Ask the Expert: How can we help our son to handle his tics?
Some young children aren’t aware of their tics or compulsive behaviours or, if they are aware, they can be very defensive or sensitive talking about them. Even though he is expressing frustration, it is a good sign that your son is already talking to you about the behaviours, as this means he is open to your support and help. Photograph: Thinkstock
Q Our eldest son is nearly eight years old. In the past couple of years he has developed several motor and vocal tics, and we are unsure how to help him deal with them.
Up to last year we mostly ignored them and reassured him they would go away. However, he began to become more aware of them and they were bothering him, so we brought him to see a psychiatrist privately who confirmed he has mixed motor tics – but not Tourette’s syndrome – and said he thought they would fade as he got older.
Since then he has developed a repetitive tic that involves counting and symmetry. For example, if he touches something, he feels the need to touch it twice, or if he jumps to one side, he will have to jump to the other side. Sometimes he has to say things twice too.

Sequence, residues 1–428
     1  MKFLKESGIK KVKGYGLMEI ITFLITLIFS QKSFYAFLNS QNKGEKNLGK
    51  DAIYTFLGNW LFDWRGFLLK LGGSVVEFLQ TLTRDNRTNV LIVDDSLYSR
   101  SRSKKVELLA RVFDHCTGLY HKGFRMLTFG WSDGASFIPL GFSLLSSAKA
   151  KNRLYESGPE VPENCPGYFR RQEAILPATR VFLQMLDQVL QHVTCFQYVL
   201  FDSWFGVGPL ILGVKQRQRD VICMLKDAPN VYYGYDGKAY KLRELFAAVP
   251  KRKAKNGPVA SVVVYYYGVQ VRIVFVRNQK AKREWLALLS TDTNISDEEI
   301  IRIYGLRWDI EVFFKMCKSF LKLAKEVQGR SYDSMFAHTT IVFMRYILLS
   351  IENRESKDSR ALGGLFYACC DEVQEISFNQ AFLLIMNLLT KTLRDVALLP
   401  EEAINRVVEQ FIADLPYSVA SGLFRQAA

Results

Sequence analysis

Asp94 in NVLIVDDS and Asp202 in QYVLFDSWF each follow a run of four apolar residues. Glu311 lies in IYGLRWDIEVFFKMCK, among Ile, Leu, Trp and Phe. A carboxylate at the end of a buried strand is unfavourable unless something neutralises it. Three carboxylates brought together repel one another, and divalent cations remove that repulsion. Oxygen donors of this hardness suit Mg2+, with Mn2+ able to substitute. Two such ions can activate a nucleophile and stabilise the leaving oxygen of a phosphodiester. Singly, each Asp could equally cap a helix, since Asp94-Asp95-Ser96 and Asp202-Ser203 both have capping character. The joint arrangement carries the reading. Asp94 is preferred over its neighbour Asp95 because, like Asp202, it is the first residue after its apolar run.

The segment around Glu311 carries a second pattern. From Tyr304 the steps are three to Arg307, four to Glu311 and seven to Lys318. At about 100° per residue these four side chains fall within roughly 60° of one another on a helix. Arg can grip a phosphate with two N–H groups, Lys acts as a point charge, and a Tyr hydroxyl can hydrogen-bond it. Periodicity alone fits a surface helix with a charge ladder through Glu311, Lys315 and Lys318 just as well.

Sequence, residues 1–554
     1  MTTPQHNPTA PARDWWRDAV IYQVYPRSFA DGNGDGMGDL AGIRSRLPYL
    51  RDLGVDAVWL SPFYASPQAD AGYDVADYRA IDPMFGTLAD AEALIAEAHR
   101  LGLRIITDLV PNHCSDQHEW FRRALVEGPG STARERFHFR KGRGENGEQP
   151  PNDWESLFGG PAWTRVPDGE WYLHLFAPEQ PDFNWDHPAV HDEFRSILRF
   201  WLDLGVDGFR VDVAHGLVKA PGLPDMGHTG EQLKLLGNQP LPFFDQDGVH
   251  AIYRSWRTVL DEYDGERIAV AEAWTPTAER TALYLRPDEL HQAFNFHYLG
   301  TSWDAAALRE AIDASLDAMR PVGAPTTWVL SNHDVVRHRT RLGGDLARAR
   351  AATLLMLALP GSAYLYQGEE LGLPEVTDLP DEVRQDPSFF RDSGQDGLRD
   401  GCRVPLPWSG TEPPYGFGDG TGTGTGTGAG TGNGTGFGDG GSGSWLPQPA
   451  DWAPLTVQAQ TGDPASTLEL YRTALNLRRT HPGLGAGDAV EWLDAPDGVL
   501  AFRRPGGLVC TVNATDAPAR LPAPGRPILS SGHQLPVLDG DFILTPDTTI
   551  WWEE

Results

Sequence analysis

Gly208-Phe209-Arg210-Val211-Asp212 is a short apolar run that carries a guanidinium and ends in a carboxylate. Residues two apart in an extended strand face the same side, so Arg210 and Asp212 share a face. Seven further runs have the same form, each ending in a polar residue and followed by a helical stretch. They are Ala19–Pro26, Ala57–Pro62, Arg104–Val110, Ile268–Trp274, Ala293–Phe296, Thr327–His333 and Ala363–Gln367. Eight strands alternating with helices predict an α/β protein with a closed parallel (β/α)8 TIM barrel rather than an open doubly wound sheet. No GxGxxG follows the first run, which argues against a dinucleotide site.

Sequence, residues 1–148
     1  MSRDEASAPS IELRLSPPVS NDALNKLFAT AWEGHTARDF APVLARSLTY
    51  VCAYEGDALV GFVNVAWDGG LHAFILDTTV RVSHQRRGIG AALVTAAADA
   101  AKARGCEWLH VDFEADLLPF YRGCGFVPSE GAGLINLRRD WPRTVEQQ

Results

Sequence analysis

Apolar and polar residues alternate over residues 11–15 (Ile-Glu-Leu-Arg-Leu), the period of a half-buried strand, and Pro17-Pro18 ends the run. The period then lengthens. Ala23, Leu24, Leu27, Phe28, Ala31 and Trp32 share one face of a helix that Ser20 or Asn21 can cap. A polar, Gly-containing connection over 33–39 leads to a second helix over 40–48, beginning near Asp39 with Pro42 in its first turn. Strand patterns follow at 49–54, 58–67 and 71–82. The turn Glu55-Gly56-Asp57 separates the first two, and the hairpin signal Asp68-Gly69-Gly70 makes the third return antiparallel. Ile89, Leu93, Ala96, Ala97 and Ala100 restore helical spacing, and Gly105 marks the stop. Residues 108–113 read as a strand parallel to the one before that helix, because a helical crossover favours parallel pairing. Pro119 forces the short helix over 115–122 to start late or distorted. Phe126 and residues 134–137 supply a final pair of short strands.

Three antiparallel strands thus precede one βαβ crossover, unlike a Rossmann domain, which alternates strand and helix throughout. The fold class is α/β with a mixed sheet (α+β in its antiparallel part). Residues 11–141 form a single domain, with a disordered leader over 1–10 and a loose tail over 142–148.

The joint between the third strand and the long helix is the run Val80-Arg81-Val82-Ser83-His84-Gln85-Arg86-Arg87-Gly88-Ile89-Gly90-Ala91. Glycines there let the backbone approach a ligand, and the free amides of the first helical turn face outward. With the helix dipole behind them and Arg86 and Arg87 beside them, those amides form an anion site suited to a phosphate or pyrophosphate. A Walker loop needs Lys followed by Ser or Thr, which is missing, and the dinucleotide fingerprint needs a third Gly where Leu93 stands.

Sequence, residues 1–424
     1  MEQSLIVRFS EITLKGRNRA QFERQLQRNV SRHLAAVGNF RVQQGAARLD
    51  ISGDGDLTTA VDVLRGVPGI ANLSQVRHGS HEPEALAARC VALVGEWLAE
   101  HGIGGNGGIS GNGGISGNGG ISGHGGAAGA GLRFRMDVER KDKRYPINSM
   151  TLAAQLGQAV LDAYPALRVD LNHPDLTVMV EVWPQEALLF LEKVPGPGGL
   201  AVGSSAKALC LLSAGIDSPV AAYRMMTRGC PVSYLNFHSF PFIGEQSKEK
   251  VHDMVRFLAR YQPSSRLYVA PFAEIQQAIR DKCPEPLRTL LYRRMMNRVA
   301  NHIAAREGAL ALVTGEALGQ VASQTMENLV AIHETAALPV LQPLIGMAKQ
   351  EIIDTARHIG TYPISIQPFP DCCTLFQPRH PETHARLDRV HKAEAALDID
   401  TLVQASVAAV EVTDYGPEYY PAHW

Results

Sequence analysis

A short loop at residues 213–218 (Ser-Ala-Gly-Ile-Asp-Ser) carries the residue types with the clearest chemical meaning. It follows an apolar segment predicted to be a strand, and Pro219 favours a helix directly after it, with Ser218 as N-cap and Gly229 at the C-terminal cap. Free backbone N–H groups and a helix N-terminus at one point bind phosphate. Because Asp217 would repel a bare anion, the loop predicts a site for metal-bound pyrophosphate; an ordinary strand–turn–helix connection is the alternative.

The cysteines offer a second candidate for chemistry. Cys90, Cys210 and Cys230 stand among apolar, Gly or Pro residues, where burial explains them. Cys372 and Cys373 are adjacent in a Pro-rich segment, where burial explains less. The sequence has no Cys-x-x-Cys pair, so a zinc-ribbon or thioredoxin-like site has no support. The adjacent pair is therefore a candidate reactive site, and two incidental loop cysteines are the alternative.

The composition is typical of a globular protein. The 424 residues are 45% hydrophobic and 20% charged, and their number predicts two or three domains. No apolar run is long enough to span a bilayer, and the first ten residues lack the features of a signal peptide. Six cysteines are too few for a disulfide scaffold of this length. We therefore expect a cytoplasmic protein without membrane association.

For a while the tics were not really affecting his life; it was happening only three or four times a day. But now they are increasing in frequency, and he is frustrated and upset by them.
He doesn’t seem to be upset or anxious about anything in particular so I’m not sure why it’s getting worse. He is well behaved and does well at school, although he’s quite shy. However, he can be very disruptive and challenging at home, with regular outbursts and tantrums. In between these flare-ups, he is a happy-go-lucky, loving and funny little boy. We are worried for him, even though we never let him know that, so we’d love to know if there are any strategies we can use to help.
A It sounds as if your son is experiencing a number of different compulsive symptoms, whether these are the motor and vocal tics he experienced previously or his more recent behaviours of having to jump to one side or having to touch or say things twice.
These more recent behaviours sound more like obsessive compulsive symptoms, though it is common for children who have motor and vocal tics to have some obsessive-compulsive and other anxiety symptoms as well. It is also common for certain tics or repetitive behaviours to change and to be replaced by others.
As the psychiatrist you attended said, for most children these behaviours tend to fade over time and only a small subset of children get diagnosed with a formal disorder such as Tourette’s syndrome or obsessive compulsive disorder.
Generally, the best tactic is to ignore these behaviours when they happen, or to distract your child gently and positively, without drawing too much attention to the behaviour. However, if your son is becoming bothered by the symptoms or if you feel they are interfering with his life, then it can be helpful to teach him some coping strategies.
Listen carefully when your son talks about the symptoms